When it is determined that the predetermined time T2 has lapsed at step 118, the routine goes to step 130, where the feedback correction amount ΔSDT of the duty ratio is calculated by
ΔSDT=K'(SPM-SS') where K' is a second feedback gain having a value which is smaller than the first value, so that a stable feedback control can be realized without the occurrence of hunting when the diaphragm 22 is located in a position adjacent to the target position.
FIG. 4 schematically illustrates the relationship between the stroke of the diaphragm 22 and the time lapse after the commencement of the cruise mode, according to the above construction of the present invention. Before the elapse of time T1, the duty ratio SDT has the maximum value SDTmax so that the diaphragm 22 is quickly controlled to a stroke close to but below the target stroke, as shown by a line l, to prevent an unnecessary overshoot of the stroke. After the lapse of time T1 but before lapse of time T2, a feedback control is realized under the first gain K having a large value, so that the diaphragm 22 is effectively controlled to the target stroke as shown by a line m. After the lapse of time of T2, the diaphragm 22 is controlled by the second gain K' so that it is located close to the target value. In the prior art, the duty ratio is controlled only to realize the maximum value during the period of T1. Therefore, sometimes delay in the control of the target value may occur, as shown by a line n, under a particular situation of the system, where the position of the diaphragm at the lapse of time T1 is far from the target position, causing the vehicle speed to be temporarily decreased upon a transition from the normal running mode to the cruise mode, as shown by a dotted line in FIG. 6. Conversely, according to the present invention, a drop in the vehicle speed at the transition is effectively prevented, as shown by the solid line in FIG. 6.
Note, the first feedback gain K after the predetermined time T1 has lapsed from the commencement of the cruise mode can be gradually decreased toward the second feedback gain K', as shown by a dotted line p in FIG. 5.
In FIG. 2, at step 160 it is determined if a cancel condition is in force. When the cruise mode is cancelled by, for example, making the cancel switch 76 ON or by a depression of a brake pedal (not shown), the routine goes from step 160 to step 162, where cancel steps are executed, i.e., the relief valve 32 and the control valve 40 open the atmospheric air ports 34 and 42, respectively, which causes the pressure the diaphragm chamber 28 to below the atmospheric pressure, and thus moves the diaphragm 22 to the far left in FIG. 1. At step 164, flags fSET and fSW are reset.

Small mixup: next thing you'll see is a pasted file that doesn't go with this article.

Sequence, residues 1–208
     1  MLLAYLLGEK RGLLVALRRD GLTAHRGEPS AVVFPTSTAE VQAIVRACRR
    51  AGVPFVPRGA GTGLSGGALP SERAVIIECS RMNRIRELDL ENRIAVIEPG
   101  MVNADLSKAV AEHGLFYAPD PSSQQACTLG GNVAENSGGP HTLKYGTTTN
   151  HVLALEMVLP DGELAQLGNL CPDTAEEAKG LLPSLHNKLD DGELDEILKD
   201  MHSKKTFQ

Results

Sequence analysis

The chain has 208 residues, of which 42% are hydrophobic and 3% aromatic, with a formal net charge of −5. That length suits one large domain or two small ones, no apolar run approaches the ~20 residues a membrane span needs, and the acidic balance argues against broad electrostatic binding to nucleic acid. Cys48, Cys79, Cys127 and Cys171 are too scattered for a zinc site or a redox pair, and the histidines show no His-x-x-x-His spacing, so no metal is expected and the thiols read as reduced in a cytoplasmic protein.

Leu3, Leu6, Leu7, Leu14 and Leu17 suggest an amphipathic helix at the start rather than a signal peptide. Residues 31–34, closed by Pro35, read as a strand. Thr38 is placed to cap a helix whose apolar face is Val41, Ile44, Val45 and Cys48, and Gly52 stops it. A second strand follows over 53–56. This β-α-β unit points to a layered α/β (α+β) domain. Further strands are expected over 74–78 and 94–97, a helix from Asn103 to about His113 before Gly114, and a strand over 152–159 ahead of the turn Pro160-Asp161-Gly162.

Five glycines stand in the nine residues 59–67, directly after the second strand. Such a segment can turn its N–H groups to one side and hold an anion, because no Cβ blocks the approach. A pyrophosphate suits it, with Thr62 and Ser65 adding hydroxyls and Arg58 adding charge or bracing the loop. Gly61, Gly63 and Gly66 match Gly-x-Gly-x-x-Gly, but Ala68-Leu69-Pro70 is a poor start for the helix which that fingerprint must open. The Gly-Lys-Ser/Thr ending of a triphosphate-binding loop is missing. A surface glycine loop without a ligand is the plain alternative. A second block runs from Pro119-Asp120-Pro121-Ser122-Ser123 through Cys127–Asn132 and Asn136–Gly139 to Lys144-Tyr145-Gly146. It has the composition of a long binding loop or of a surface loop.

A second embodiment described hereinafter differs from the first embodiment in that a third feedback gain having a value between the first feedback gain and the second feedback gain is provided in order to obtain a constant torque of the engine when the system enters a normal feedback control area of the second feedback gain from the transient feedback control area of the first feedback gain. FIG. 7 is a flow chart illustrating an execution of the operation of the second embodiment of the present invention. This flow chart is very similar to FIG. 2 in the first embodiment. Therefore, only different portions thereof will be explained. Steps 92 to 110 executed when the system enters a cruise mode, to quickly move the diaphragm 22 by selecting the maximum duty ratio value, steps 119, 120, and 124 executed first during the feedback mode for taking the first value of feedback gain K, and steps 126 and 128 executed during the feedback mode under the lower second feedback gain K' are the same as the corresponding steps in FIG. 2 in the first embodiment.
As in the first embodiment, before the elapse of the time of T2 from the commencement of the cruise mode, the diaphragm 22 is moved to a position near the target stroke by setting the duty ratio SDT to the maximum value SDTmax, by executing steps 119 to 124. After the time T2 has elapsed from the commencement of the cruise mode at point 118, the routine goes to step 200 where it is determined if a feedback gain control flag ft is set. This flag ft is initially cleared (0), so that a "No" at step 200 means that the time T1 has just elapsed from the commencement of the cruise mode. In this case, the routine goes to step 202, where this flag ft is set (1), and to step 204 where a feedback gain correction amount α is calculated by